Accordingly, the primary objective of the present invention is to provide a center and edge finder for finding the center or edge of a workpiece in relation to the axis of a work tool spindle that provides the advantages discussed above and overcomes the disadvantages and limitations which are associated with presently available center and/or edge finder tools.

An important objective of the present invention is to provide a center and edge finder that provides a direct method of finding the center or edge of a workpiece relative to the axis of a work tool spindle so as to eliminate the potential error of not adding in one-half the diameter of the finder and the time necessary to make that calculation.

It is also an important objective of the present invention to provide a center and edge finder that utilizes a beam of light to align the axis of the work tool spindle with the center or edge of a workpiece, thereby eliminating the need to have physical contact between the finder and the workpiece.

It is also an important objective of the present invention to provide a center and edge finder that has a minimum of moving parts to improve reliability and simplify use of the finder to locate the center or edge of a workpiece relative to the axis of the spindle of a work tool.

It is also an important objective of the present invention to provide a center and edge finder that is adaptable to a wide variety of different work tools.

It is also an important objective of the present invention to provide a center and edge finder that comprises an electrically operated laser module to generate a beam of light that passes through a very small diameter opening in the finder's housing to locate the center or edge of a workpiece relative to the spindle of a work tool, such as a milling machine, lathe or the like.

The above and other objectives of the present invention will be explained in greater detail by reference to the attached figures and the description of the preferred embodiment which follows. As set forth herein, the present invention resides in the novel features of form, construction, mode of operation and combination of processes presently described and understood by the claims.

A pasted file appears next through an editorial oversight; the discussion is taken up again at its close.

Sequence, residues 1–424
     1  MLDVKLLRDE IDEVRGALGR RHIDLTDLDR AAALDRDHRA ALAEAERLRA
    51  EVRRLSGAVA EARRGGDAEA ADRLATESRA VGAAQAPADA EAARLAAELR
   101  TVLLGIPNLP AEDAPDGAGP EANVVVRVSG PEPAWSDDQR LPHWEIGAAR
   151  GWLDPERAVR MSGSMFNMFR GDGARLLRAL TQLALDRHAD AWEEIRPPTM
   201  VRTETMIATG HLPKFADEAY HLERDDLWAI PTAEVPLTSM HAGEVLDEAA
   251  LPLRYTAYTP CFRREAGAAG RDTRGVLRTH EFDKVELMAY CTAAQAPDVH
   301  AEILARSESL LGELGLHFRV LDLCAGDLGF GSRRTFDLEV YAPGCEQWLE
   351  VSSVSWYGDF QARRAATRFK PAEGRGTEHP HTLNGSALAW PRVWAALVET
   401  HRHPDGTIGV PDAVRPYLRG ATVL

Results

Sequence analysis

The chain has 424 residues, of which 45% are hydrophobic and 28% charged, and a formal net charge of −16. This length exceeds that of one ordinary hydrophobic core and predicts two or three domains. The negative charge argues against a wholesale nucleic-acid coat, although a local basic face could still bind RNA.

BRIEF DESCRIPTION OF THE DRAWINGS

In the drawings which illustrate the preferred embodiments and the best modes presently contemplated for carrying out the present invention:

FIG. 1 is a perspective side view of a center and edge finder configured according to a preferred embodiment of the present invention shown mounted in an adjustable chuck of a milling machine spindle projecting a beam of light to the center position of a workpiece;

FIG. 2 is a side view of a center and edge finder configured according to a preferred embodiment of the present invention;

FIG. 3 is an exploded view of the center and edge finder of FIG. 2 showing the components thereof;

FIG. 4 is a side view of the lower housing component of the center and edge finder of FIG. 2;

FIG. 5 is an end view of the lower housing taken through 55 of FIG. 4 showing the second or lower end of a preferred embodiment of the center and edge finder of the present invention;

FIG. 6 is an end view of the lower housing taken through 66 of FIG. 4 showing the installed laser module of a preferred embodiment of the center and edge finder of the present invention;

FIG. 7 is a side view of the upper housing component of the center and edge finder of FIG. 2;

FIG. 8 is an end view of the upper housing taken through 88 of FIG. 4 showing the battery sleeve disposed therein;

FIG. 9 is a top view of the upper housing component of the center and edge finder of FIG. 2;

FIG. 10 is an end view of the upper housing component taken through 1010 of FIG. 9;

FIG. 11 is a side view of the battery holder component of the center and edge finder of FIG. 2 with the battery button disposed therein;

FIG. 12 is an end view of the battery holder taken through 1212 of FIG. 11; and

FIG. 13 is an end view of the battery holder taken through 1313 of FIG. 11.

DETAILED DESCRIPTION OF THE PREFERRED EMBODIMENTS

With reference to the figures where like elements have been given like numerical designations to facilitate the reader's understanding of the present invention, and particularly with reference to the embodiment of the workpiece center and edge finder of the present invention illustrated in the figures, a preferred embodiment of the present invention is set forth below. The enclosed description and drawings are merely illustrative of one or more preferred embodiments and represent at least one of several different ways of configuring the present invention. Although specific components, materials, configurations and uses of the present invention are illustrated and set forth in this disclosure, it should be understood that a number of variations to the components and to the configuration of those components described herein and in the accompanying figures can be made without changing the scope and function of the invention set forth herein.